To Feed Or Not To Feed: Fish Oils
Updated: May 15
Omega-3s are beneficial for reducing inflammation in the body, decreasing metabolic disease chances. Many studies have shown that incorporating omega-3s into the diet can reduce the risk of heart disease, prevent arthritis, aid in growth and development, and more, which is why Americans easily spend over $1 billion a year on over-the-counter fish oils.
But, low-quality fish oils are highly susceptible to oxidation due to their large number of double bonds and position in the fatty acid chain, making the fish oil market one of the world's most immutable markets. Unfortunately, like the rest of the pet world, fish oil companies can make it hard to specify what makes a "good fish oil."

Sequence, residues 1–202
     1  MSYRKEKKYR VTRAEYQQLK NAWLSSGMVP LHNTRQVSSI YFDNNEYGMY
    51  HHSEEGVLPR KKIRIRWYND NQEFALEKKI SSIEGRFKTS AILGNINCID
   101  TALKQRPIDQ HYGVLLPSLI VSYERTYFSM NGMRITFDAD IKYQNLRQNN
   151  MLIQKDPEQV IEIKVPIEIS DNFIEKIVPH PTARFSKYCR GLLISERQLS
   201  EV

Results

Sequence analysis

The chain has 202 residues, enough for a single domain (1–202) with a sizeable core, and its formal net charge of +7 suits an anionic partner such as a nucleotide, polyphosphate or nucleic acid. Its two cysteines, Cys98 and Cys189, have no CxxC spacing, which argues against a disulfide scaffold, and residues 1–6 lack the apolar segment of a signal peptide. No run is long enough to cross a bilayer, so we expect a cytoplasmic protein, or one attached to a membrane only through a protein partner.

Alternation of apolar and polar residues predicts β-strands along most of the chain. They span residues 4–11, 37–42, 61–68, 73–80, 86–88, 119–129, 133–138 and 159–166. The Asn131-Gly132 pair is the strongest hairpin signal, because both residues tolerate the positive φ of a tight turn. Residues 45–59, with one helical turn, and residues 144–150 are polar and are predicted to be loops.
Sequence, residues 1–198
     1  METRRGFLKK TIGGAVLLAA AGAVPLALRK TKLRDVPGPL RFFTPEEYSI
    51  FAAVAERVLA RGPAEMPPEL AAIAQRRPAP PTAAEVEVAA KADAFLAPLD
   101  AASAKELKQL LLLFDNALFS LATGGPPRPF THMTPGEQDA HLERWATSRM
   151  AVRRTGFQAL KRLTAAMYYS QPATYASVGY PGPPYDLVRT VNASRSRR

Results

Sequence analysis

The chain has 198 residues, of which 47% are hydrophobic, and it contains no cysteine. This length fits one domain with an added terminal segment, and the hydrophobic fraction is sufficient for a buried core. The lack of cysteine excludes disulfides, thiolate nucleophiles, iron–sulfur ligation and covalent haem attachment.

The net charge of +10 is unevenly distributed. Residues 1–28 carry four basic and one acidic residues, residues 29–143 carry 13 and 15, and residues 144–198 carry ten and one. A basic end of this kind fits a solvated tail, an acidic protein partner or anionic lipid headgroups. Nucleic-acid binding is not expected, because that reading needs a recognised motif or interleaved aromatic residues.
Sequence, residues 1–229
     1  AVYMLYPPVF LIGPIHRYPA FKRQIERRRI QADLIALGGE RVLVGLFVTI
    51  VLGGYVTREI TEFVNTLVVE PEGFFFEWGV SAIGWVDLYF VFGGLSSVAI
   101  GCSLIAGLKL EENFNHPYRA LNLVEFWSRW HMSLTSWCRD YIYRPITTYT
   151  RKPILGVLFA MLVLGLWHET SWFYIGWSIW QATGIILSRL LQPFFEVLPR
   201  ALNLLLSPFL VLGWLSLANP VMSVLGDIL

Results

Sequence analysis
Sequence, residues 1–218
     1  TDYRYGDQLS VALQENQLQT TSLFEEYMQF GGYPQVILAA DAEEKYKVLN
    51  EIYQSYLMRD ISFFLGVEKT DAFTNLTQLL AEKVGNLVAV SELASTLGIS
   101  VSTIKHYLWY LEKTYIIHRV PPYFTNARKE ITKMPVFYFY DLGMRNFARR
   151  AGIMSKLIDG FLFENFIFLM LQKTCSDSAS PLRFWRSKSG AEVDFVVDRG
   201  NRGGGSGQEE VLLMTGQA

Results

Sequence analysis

Oxidative stress is when free radicals take a healthy normal cell, attack it, and damage the cell with oxidative stress, killing the cell. Free radicals can also cause gene mutations, cancer, as well as inflammatory health problems. The fatty acids in fish oils are susceptible to oxidation.
The rate at which the fish oil oxidizes depends on multiple factors such as
How the fish was harvested
The container it is stored in
Fatty acid composition
The presence of water or heavy metals
Once the oil begins oxidizing, there is no reversing the process. It is simply a matter of time before all the beneficial and medicinal properties of the omega-3s are oxidized away.